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East Coast, West Coast

All About The Town

November 1, 2003

Yellow leaves sharing the same tree as green neighbors taunt them to give it up.

Go on, you’ll feel better letting go. Ours was a good season.

What makes one branch quit before another? Is it all part of some grand design? As trite as it sounds, I’m really digging these fall colors. I take them in walking down Eighth Avenue Friday morning, delivering my rent check. Some things are a constant, city to city, place to place.


Brooklyners, and New Yorkers in general, are heavy on the horn. Many project inexplicable faith in the device’s mystic capabilities. They don’t believe in beeping or tooting, but rather long, sustained blasts at anything within earshot, whether it possesses ears or not. If I lay on it long enough, this drugstore will move.

Generalization makes for dangerous living, but occasionally brilliant reading. So I’ll continue. The genius of the East Coast mind lies in its ability to cut through California bullshit and formulate. Half your state’s on fire? Somebody better get some fuckin’ water. And you might want to reconsider building in the middle of an ecosystem that burns by design every ten to fifteen years.

I remember my first trip to New York in 1992. I was in line to buy a bagel and the guy behind the counter asked what kind I wanted. “You tell me,” I responded cheerily, deferring to his native status. His response came without pause. “IT’S NOT MY PROBLEM, SIR!” I made a minor adjustment, ordered sesame garlic, and never looked back. I had gained the one bit of insight necessary to live in this city: Save the bullshit, get to the point. I still ponder bagel types these days, even having moved here. But this is in line with the one acceptable clause to the rule – if you’re going to deal in bullshit, keep it to yourself. Fortunately, I’ve never had a problem with bottled bullshit. My process went automated in ’84 and surpasses the output of Coke and 7-Up combined.

While the East Coast approach often avoids the cabbage-headed rumination common to holistic westerners, it sometimes goes haywire. I’ve seen it melt down a few times in a glowing ball of profanity and misplaced logic. When two New Yorkers fail to agree or reach compromise, they frequently resort to determining who the bigger “fuck” is between them. This debate often lacks a satisfying resolution.

My observations on the collective psyches of opposing seaboards are, of course, largely hunches. I’ve conducted no scientific research and my relative examples are based on sporadic interaction and a talent for making mountains out of molehills. All your best people excel in this.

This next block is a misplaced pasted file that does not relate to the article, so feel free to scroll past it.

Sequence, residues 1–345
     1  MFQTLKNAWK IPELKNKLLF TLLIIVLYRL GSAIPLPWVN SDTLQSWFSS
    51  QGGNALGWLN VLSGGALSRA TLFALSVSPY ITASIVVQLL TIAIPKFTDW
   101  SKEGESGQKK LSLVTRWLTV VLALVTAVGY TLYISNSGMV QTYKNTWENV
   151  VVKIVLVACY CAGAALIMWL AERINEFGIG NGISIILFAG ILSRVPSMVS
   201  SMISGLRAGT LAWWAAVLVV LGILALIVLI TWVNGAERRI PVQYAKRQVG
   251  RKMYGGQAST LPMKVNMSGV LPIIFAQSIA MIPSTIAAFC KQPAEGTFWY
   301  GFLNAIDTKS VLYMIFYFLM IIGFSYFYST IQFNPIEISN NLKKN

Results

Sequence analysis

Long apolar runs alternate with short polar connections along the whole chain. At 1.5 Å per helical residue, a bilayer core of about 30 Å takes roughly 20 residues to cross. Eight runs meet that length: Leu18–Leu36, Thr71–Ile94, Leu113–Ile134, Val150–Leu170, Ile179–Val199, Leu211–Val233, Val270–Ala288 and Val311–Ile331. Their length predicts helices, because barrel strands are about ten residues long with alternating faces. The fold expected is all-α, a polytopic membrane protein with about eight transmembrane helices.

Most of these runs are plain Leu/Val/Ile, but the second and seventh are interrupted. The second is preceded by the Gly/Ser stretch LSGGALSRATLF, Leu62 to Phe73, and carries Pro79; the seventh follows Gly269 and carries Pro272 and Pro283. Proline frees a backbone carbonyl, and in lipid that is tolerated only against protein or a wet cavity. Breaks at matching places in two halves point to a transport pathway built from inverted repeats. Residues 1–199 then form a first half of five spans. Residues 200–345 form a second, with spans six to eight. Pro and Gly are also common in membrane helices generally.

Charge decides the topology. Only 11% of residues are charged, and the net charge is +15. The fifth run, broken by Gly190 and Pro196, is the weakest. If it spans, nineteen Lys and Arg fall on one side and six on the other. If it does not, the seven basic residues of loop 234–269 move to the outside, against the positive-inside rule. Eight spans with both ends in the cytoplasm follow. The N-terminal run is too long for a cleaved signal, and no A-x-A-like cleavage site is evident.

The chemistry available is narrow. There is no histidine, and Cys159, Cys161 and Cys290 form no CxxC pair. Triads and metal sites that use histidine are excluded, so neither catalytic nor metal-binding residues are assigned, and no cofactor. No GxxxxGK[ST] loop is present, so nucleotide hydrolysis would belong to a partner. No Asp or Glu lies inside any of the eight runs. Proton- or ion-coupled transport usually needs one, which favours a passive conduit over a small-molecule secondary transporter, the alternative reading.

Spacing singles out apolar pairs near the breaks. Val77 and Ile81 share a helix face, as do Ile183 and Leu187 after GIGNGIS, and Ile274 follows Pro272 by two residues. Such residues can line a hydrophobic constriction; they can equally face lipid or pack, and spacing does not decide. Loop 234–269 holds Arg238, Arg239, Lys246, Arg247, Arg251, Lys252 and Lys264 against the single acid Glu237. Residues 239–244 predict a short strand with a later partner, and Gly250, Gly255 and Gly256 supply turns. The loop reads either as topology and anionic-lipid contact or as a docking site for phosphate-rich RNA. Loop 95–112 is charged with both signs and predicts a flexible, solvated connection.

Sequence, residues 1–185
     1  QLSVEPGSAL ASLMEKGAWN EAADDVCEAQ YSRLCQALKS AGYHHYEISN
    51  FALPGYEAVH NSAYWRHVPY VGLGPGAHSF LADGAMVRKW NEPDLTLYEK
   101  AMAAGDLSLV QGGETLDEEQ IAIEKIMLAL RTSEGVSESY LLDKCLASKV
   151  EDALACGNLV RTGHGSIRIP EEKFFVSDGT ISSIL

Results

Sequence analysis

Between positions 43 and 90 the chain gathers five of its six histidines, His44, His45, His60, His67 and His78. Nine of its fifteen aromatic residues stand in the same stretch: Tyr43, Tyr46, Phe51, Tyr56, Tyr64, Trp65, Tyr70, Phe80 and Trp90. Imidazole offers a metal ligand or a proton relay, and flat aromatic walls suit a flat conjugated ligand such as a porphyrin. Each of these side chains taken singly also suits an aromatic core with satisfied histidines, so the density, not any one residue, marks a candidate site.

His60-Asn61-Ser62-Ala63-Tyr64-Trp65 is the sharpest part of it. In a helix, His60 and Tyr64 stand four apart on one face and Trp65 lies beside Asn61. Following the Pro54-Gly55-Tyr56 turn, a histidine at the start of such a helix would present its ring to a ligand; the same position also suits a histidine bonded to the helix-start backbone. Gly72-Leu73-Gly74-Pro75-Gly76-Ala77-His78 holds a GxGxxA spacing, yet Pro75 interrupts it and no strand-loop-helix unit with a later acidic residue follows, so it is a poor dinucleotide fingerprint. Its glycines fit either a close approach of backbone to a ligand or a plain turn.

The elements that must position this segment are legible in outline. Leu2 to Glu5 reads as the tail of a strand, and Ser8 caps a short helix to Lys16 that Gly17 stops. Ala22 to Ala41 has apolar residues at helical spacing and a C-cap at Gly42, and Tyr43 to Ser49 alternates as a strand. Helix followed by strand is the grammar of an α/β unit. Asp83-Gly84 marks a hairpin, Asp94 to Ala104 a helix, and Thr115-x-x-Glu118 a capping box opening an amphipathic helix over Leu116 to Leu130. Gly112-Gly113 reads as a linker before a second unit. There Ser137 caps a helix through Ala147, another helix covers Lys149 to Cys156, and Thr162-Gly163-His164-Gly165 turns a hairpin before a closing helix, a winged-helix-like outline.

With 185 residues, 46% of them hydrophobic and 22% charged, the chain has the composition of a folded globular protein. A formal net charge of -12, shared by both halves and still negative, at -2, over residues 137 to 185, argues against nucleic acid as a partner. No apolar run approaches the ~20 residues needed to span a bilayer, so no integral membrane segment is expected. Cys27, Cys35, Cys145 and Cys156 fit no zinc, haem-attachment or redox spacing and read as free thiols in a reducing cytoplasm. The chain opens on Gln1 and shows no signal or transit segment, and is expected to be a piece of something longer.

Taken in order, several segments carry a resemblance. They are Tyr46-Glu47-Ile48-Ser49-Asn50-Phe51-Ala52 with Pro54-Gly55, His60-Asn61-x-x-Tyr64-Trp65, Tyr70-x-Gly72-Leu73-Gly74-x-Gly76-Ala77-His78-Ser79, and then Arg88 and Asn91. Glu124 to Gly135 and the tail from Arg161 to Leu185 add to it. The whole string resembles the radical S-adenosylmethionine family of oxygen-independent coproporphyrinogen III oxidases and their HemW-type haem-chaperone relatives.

“You come over to this neighborhood just to hang at the cafe?”

My friend Mark makes this observation one early evening last week, as I sit with my laptop killing time. Despite whatever qualifiers I add, the simple answer is “yes.” It’s what I’m most uncomfortably comfortable with, this inside angle looking out. The place supplies cheap caffeine stimulation and a steady flow of sufficiently gentle, generally liberal locals. It doesn’t matter whether I agree with their slant or not; they leave me alone. There are multiple copies of the New York Times and Daily News, decently amateurish wall photos, and the subway to Manhattan a block up. I like a place that doesn’t sweep crumbs off the table until shift’s end and technically, it does qualify as getting out of the house. Hemingway’s “A Clean, Well-Lighted Place” never resonated so.

Today puts me at the five-month mark, exactly. I want more than I currently have. I want to wake up in the morning minus the knot in my chest, with purpose and plan. I want a job that doesn’t mess with my frail mental balance, and makes me feel like I’ve arrived- maybe even one that pays. I want a few local friends I can call on for a movie or slice of pizza without feeling dependent. And I wouldn’t run away from a pretty face willing to listen to my bottled rants and tell me I’ve got something worth hearing, even if I doubt it myself. In short, I want the status of a guy who’s stuck around a while and put in his dues. I guess I better get going on that.

2003 Rick Monaco All Rights

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